DUP Westminster leader Nigel Dodds has claimed the EU’s chief negotiator has “blown a hole” in the concept of the Irish backstop.
The DUP MP for Belfast North said Michel Barnier had said some checks and controls could be done away from the border and claimed that meant a backstop would not be necessary.
Speaking at Prime Minister’s Questions, Mr Dodds also accused the Irish Government of “highly reckless” talk over the potential of a no-deal Brexit to cause trouble at the border.
He said: “In recent days we’ve heard the Irish prime minister talk about bringing his troops up to the border in the event of no deal, we’ve heard the Irish deputy foreign minister talk of people jumping out of windows – isn’t this highly-reckless talk extremely dangerous in the present circumstances?
“That sort of rhetoric should be toned down and instead focused on what Michel Barnier said the other day – that even in the event of a no deal we would sit down and find operational ways to have checks and controls away from the border.
“Isn’t that the way forward, and it blows a hole in the entire concept of this backstop?”
Prime Minister Theresa May did not agree that Mr Barnier’s comments, which also included an insistence the current backstop was the only arrangement possible, meant she could do away with the backstop and instead reiterated her commitment to no hard border.
She said: “I will be speaking to the Taoiseach later today and it’s important for us to work with the Government of Ireland on the arrangements that will be in place in the future.
“We obviously have sent a clear message from this House about what needs to happen in relation to the backstop but we retain our commitment to no hard border between Northern Ireland and Ireland.”
Mrs May should rule out a no deal Brexit, Labour MP Jack Dromey (Birmingham Erdington) said, because it would be contemptuous of Parliament and impoverish the country.
“We’re 58 days away from a cliff,” he said. “If we plunge into an abyss our country will be a poorer country in every sense of the word.
“Last night this House voted that there can be no question of a no-deal Brexit.
“Will the Prime Minister honour the will of Parliament and rule out a no-deal Brexit because to proceed with a no-deal Brexit would not only impoverish our country it would be contemptuous of Parliament.”
Mrs May responded that MPs should focus on getting a deal to avoid leaving without a deal.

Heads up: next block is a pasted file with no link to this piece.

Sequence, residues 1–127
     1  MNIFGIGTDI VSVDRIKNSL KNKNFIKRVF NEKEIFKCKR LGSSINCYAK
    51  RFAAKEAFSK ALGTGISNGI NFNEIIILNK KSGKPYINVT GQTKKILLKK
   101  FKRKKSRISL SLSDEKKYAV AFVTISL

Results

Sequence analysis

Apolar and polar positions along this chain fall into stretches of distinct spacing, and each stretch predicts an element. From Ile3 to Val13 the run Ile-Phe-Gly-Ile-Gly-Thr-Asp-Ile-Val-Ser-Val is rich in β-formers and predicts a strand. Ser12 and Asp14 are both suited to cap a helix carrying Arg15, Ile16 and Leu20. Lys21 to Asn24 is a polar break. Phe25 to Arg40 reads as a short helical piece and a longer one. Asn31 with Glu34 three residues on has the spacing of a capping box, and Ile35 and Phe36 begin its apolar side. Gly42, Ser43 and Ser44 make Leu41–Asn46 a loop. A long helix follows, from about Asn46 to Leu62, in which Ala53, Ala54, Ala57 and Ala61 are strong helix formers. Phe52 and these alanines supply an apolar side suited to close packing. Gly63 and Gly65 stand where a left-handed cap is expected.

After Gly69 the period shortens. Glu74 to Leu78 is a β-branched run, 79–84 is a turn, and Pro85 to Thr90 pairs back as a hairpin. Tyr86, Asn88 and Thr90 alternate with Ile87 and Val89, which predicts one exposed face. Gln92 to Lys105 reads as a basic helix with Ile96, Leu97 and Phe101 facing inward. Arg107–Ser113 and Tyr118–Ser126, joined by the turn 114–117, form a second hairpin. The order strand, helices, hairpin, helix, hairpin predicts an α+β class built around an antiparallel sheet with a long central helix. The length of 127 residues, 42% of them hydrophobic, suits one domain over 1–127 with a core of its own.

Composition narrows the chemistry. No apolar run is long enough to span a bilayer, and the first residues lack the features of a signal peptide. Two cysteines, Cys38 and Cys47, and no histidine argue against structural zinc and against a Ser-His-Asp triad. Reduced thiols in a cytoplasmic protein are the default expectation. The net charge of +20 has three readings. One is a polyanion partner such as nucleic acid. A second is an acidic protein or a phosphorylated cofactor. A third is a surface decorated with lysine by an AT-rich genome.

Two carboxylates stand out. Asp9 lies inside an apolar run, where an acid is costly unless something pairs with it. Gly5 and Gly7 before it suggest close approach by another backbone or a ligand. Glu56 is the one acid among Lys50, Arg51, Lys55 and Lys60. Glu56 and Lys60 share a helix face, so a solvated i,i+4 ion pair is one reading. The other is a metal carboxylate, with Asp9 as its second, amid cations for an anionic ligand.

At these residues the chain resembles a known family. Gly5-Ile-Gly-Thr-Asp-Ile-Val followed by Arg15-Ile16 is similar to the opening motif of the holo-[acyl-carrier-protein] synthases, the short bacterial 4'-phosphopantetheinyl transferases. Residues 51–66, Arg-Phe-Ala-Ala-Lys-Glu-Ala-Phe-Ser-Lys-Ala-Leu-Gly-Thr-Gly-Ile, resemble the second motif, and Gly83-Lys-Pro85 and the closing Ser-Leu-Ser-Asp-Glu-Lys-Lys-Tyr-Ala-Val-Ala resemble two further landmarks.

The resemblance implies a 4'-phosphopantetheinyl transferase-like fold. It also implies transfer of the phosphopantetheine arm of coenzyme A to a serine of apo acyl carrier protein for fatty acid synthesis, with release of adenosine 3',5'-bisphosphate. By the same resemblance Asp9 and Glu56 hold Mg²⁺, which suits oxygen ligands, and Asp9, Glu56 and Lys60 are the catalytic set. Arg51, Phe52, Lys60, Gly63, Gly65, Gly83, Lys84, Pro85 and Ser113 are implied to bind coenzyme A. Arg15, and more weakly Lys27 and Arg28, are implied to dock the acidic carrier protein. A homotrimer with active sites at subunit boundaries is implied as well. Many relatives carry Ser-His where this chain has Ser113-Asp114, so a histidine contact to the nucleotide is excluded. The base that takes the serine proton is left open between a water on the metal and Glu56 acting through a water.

She added: “What Parliament also voted for last night was to say that it wanted to leave the EU with a deal and it identified what was necessary to change in the deal in order to enable that to happen and for the support of this House to be given to a deal.”
SNP Westminster leader Ian Blackford accused Mrs May of misleading the House with her plan to seek an “alternative arrangement” on the backstop, because the EU had already ruled out renegotiating the Withdrawal Agreement.
The MP for Ross, Skye and Lochaber asked: “Has the Prime Minister inadvertently misled the House or is this Government’s incompetence reached a whole new level?”
Mrs May said she was taking back to Brussels what was agreed by Parliament, and then criticised Mr Blackford for comments he made suggesting the Tories were “ripping up the Good Friday Agreement”, calling them “frankly irresponsible”.
The SNP leader said that was a “disgraceful response” from a PM acting with “sheer irresponsibility”.
Mr Blackford went on to accuse the Government of dragging Scotland out of the EU against its will.
He said: “We are scunnered by this Government ignoring Scotland.
“Prime Minister, do you accept that you have promised Scotland everything, you have delivered nothing?”
Mrs May said a new report showed 60% of Scottish exports went to the rest of the UK, three times more than with the rest of the European Union.
“Yet he represents a party that wants to erect a border between Scotland and England,” she said.
“The biggest threat to the future of Scotland is sitting on those benches.”